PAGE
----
Puerto Rico's Turn
By RICARDO ALARCÓN de QUESADA
On June 1, primary elections will be held in Puerto Rico. For that reason, politicians and journalists will travel to the island to pay to it an attention they never paid before and to turn their visit into part of the spectacle of marketing of politics that in the United States is called "democracy." In this case, however, the spectacle becomes insulting.
The Democratic candidates will compete there for the favor of voters who are not part of U.S. society and therefore have no vote in the U.S. general elections next November. In theory, Puerto Ricans can decide who the Democratic candidate will be but cannot vote for him, or her, or the Republican rival, or any other candidate to the presidency of the United States.
Once the farce is concluded, politicians and journalists will pack their bags and go away, not to deal again with Puerto Rico for the next four years. Once again, they'll try to ignore the interests and aspirations of its noble and generous people.
This time, however, it won't be so easy. The following week, on June 9, the United Nations' Committee on Decolonization will again discuss Puerto Rico's status, as it has done every year since 1972. Many voices have been raised there, and in other U.N. entities, to demand that the United States put an end to its colonial regime and return to the Puerto Rican people the right to decide their fate, a right that was wrested from them more than a century ago.
It was not necessary to travel to another country to hear that demand. It was repeated, one summer after another, for more than three decades, from the skyscraper on Manhattan's First Avenue, in the heart of New York. But the major U.S. media and its politicians pretended not to notice.
This year, their disdain will be a bit more difficult. Before the Committee will speak representatives from the whole of Puerto Rican society, including representatives of all the parties and political movements on the island, along with the Socialist Internationale and the Conference of Political Parties of Latin America (COPPAL), which brings together the main parties in the continent, including several parties that now are governments.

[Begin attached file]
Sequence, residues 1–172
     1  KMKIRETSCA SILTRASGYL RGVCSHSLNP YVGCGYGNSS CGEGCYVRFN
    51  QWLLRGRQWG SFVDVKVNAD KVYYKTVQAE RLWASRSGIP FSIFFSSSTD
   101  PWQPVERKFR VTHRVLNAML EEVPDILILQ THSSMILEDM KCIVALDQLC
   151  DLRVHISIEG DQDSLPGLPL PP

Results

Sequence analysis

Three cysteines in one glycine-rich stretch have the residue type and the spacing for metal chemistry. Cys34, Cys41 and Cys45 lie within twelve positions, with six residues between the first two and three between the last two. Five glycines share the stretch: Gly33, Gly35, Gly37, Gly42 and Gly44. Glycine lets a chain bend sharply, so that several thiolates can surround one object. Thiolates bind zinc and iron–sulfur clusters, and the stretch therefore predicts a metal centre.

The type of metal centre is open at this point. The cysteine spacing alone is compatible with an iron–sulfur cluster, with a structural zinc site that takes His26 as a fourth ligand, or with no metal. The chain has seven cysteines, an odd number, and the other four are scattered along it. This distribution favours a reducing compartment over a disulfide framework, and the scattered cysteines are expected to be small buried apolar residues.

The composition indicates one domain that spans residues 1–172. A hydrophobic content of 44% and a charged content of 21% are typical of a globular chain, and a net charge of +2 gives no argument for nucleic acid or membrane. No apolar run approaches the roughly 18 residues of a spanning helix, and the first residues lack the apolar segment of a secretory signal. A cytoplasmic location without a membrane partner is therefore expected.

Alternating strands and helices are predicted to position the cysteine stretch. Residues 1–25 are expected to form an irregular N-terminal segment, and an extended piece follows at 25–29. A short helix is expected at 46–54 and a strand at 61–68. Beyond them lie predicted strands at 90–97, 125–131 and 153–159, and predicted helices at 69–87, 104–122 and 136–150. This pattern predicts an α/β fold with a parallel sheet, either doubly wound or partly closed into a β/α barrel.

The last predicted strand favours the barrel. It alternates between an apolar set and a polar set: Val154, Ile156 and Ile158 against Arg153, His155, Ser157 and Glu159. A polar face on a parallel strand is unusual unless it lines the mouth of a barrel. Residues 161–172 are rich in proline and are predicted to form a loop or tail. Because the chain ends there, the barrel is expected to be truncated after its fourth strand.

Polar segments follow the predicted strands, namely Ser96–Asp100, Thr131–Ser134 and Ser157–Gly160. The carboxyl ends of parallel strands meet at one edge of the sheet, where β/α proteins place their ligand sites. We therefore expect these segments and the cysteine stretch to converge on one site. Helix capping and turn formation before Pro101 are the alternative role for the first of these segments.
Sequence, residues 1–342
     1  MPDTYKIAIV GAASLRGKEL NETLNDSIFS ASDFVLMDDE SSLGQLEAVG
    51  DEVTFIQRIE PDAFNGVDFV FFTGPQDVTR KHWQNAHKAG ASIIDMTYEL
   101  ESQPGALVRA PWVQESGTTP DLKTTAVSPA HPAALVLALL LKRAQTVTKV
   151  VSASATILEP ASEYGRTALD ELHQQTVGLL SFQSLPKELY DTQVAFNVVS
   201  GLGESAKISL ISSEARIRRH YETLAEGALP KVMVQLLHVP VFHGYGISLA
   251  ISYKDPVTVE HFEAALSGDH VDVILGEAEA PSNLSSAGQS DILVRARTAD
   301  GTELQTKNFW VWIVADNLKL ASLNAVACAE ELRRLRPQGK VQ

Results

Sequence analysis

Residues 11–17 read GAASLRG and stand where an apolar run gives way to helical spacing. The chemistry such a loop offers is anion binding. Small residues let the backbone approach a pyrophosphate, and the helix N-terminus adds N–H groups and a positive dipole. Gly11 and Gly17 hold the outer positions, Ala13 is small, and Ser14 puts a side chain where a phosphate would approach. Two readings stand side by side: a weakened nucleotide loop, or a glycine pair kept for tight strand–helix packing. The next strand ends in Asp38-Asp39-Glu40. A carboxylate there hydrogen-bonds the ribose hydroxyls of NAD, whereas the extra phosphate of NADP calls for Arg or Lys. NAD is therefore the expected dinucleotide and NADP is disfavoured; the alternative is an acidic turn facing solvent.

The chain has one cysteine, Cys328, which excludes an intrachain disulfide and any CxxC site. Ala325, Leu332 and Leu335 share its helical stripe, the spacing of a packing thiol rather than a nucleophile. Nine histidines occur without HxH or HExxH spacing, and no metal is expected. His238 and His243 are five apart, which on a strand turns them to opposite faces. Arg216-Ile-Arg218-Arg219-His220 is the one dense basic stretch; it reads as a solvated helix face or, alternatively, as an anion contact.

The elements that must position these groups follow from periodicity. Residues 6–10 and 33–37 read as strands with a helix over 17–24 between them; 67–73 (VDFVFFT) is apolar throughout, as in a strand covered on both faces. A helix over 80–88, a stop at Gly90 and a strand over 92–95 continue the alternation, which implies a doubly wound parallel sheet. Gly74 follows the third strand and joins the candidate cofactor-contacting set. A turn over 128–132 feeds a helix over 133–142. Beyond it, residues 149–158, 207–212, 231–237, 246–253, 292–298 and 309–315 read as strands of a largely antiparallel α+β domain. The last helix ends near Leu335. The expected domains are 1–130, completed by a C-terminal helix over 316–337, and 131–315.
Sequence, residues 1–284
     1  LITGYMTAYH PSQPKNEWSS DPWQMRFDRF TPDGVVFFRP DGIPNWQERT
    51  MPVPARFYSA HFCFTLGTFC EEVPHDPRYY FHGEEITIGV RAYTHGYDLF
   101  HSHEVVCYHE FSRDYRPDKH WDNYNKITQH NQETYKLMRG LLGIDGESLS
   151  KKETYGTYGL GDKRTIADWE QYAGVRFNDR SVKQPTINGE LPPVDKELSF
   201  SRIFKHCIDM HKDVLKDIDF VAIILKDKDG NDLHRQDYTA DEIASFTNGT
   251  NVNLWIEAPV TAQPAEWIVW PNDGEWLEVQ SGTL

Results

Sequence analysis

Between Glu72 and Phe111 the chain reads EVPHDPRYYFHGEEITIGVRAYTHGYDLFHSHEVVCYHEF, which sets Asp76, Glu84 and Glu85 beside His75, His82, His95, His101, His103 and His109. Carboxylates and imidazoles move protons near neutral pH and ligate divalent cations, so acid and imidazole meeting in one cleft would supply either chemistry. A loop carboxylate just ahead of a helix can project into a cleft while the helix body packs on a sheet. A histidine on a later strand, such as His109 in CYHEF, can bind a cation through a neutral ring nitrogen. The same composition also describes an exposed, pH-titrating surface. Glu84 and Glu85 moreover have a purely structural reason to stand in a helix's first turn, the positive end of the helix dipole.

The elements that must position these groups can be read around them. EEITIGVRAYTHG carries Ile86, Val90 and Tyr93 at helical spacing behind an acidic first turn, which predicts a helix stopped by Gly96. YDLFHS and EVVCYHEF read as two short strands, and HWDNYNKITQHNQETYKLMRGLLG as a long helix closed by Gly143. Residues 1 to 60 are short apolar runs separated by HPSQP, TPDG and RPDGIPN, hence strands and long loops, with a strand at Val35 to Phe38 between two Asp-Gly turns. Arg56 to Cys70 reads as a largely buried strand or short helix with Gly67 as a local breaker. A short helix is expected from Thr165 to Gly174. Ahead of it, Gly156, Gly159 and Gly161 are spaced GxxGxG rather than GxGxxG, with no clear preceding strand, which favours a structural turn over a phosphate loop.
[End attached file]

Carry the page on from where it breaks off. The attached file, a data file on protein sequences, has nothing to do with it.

They will raise a petition for the U.N. General Assembly to discuss in depth the case of Puerto Rico, as we unanimously agreed at the International Conference of Solidarity with Puerto Rican Independence, which we held in Panama in 2006 and reiterated this year in Mexico. In the name of all those who participated in those two events, Dr. Rodrigo Borja, former President of Ecuador, will address the Committee.
This Latin American demand echoes the one made in Havana in 2006 by the chiefs of state and government of the nonaligned countries.
Latin America is living through a new era, and Puerto Rico is not absent from it. Its turn, Puerto Rico's turn, is very near. It is coming much faster than some people in the North, drunk with demagoguery and ignorance, think.
Ricardo Alarcón de Quesada is Cuba's Vice President and President of its National Assembly.
http://www. counterpunch. org/alarcon05272008. html
Paz! Peace! Tau!
Let the truth be told and let it continue to be manifested by those he do not fear persecution by those who seek to distort and destroy it. Although I do not think Barack Obama is going to be the 'savior' to Original people here in the United States, I do think he's winning of the presidency would do wonders for the self-esteem and motivation of people of color. Which, honestly, is something that the elite in power do not want and will not tolerate. All the more reason why WE have to continue to educate ourselves and mobilize, progessing our involvement and participation in the devil's 'poli-tricks'. We can not allow our 'hopes' and aspirations be dependant upon one person. Otherwise we will not succeed. This is why Allah, the founder of the Nation of Gods and Earths, did not want to be 'worshipped', despite what many may think due to his naming himself "Allah". That was not his purpose nor aim. He simply, came to the self-realization and actualization of who HE was and lived it out irregardless to what other's may have thought. He didn't teach us to be followers, but leaders in our own right. He knew, that with any organization or movement (political or cultural), if the head was taken off, the body would fall....And within the days and times we live within, calling out the reality of America's racist undertones is deemed un-patriotic. A perpsective manufactured by the elite in power and the media, in our to quell any uprising or opposition to the the government. They are attempting to sell this perspective to the people and many buy it, unfortunately. Except those who experience it and live it. And those peope of color who DO buy it are the one's who are attempting to steer clear or conflict, out of FEAR. Uncle Tom's, Uncle Tonto's, Uncle Tomas', and Uncle Tang's...